Mistake #6: Not optimizing your social media profiles  

Developing a brand bio is prime real estate to create positive first impressions for your nonprofit organization. You can also use this space to update and promote your campaigns, events, and more.  

Below are recommendations for social media profile optimization, by network: 

  • Twitter: Update your bio quarterly, adding relevant hashtags as needed. Consider using your website as your URL, unless you have a specific seasonal campaign to support.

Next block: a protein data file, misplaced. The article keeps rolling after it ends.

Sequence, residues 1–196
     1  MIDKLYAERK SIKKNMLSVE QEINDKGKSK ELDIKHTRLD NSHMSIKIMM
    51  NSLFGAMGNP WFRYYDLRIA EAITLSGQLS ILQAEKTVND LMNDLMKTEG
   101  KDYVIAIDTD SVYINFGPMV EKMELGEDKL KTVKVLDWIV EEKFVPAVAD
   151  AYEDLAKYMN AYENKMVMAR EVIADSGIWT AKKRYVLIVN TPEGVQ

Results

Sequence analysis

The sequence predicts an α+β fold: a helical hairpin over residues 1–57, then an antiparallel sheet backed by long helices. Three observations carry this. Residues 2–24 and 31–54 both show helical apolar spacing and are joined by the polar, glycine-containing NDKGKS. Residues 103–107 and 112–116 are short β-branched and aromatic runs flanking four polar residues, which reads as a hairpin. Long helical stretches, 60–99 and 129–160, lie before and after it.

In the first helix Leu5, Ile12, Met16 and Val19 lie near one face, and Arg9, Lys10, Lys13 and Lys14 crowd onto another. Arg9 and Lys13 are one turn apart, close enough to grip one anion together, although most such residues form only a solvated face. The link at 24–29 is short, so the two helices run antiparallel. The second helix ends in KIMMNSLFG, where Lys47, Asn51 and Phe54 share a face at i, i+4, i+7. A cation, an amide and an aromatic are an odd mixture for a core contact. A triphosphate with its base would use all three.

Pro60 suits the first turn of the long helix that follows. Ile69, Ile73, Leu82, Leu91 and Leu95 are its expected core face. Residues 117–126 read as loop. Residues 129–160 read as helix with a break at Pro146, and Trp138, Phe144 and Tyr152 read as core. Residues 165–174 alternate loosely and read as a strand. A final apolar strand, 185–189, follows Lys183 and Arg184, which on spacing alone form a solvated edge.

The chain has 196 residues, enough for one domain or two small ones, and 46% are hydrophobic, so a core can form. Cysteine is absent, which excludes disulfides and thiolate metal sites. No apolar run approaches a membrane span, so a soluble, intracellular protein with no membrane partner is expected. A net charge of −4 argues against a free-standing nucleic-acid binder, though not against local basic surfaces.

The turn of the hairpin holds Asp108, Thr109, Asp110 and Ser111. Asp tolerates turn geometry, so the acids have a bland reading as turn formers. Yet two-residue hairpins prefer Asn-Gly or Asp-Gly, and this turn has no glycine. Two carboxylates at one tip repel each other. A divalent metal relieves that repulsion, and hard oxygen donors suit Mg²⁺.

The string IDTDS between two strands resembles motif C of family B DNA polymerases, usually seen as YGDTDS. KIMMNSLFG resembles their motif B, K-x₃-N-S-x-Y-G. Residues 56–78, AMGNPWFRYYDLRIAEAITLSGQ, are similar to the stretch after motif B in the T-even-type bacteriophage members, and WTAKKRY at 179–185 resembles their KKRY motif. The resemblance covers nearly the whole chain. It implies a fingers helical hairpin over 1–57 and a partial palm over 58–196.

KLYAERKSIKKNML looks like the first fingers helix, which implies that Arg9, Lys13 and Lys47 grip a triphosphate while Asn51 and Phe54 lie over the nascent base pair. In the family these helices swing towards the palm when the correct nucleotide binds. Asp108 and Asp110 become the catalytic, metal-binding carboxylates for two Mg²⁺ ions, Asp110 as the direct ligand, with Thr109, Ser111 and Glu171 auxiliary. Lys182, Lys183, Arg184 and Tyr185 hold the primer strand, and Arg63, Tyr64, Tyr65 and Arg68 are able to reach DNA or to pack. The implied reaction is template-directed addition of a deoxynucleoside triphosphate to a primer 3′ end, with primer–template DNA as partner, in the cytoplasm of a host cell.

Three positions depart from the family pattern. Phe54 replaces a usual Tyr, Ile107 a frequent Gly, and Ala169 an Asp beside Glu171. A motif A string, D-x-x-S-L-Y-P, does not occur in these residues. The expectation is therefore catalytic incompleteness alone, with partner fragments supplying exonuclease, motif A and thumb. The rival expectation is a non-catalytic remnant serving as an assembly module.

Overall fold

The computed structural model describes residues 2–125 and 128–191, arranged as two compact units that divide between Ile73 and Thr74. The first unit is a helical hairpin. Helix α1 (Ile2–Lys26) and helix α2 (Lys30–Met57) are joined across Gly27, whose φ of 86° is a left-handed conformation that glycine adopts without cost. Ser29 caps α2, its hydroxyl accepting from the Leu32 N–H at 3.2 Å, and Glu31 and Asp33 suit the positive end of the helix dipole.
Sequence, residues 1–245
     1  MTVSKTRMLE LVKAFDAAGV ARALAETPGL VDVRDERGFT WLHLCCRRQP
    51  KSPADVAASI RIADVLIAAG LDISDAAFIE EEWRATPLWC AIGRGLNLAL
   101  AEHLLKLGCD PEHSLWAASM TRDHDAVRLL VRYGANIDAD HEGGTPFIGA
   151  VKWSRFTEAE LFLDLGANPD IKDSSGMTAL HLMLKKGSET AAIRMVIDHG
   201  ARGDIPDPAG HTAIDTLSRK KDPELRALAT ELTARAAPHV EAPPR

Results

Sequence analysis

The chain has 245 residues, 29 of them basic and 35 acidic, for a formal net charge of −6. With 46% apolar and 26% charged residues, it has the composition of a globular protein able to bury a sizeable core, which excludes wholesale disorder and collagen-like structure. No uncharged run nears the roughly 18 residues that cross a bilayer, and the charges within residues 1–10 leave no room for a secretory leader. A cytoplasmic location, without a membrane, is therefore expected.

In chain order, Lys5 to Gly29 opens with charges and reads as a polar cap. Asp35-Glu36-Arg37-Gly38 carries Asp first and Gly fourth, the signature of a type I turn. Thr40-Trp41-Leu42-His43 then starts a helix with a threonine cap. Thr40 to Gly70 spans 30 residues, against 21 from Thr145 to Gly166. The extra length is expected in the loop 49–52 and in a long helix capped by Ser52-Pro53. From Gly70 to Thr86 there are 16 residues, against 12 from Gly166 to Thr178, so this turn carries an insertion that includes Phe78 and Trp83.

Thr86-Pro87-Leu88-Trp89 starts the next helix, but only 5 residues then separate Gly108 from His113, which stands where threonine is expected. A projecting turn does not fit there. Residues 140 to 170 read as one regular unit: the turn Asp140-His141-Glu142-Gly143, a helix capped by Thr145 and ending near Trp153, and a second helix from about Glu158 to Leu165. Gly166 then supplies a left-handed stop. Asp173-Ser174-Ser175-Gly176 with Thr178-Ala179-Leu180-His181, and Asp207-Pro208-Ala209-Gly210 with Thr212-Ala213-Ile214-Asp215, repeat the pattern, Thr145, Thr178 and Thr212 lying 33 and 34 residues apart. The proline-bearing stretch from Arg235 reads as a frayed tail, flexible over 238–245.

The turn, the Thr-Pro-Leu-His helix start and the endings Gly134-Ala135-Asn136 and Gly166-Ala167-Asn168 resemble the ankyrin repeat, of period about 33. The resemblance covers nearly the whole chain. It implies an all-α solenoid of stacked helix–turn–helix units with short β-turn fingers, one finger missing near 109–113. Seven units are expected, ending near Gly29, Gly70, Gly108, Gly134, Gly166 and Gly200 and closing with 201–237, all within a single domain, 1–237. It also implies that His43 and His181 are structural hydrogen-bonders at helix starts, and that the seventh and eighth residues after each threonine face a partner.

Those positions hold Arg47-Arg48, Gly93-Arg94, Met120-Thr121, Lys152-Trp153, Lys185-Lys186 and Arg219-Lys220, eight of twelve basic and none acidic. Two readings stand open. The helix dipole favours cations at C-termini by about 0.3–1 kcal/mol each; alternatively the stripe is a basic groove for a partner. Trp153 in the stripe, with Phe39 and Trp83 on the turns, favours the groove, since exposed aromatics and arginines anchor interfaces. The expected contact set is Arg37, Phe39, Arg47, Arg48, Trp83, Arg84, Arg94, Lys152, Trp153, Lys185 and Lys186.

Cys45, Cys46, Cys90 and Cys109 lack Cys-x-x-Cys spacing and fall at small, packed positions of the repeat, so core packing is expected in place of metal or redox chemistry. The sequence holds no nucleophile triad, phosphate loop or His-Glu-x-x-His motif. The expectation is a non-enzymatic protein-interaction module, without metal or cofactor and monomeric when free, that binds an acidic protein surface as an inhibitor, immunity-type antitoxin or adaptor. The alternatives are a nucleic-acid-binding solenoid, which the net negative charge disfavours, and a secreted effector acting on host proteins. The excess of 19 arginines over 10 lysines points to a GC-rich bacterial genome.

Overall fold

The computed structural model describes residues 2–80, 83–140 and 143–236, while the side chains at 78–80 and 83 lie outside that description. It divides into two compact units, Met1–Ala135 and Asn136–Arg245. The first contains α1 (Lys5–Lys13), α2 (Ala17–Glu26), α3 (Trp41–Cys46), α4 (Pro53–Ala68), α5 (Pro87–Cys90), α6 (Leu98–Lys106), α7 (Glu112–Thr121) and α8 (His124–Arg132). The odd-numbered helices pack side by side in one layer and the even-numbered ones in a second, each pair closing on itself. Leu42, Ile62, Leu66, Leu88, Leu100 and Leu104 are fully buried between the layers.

• Instagram: Similar to Twitter, frequent bio updates are recommended. With this platform, you can use link-sharing sites like Linktree to share and reference more URLs through your post and Story strategy.  
  • Facebook: Your header on Facebook is prime real estate — it’s time to treat it as such! Update your header monthly to support evergreen or seasonal campaigns that promote your core social objectives.  

 

 

Social media is a tremendous tool for organic engagement with potential and current donors. When used properly, it can unlock 1:1 opportunity with supporters, something that cannot be done as easily with other engagement tactics. If you are considering opening a new channel, or perhaps you are undergoing an audit of your current strategy, consider these 6 nonprofit social media mistakes.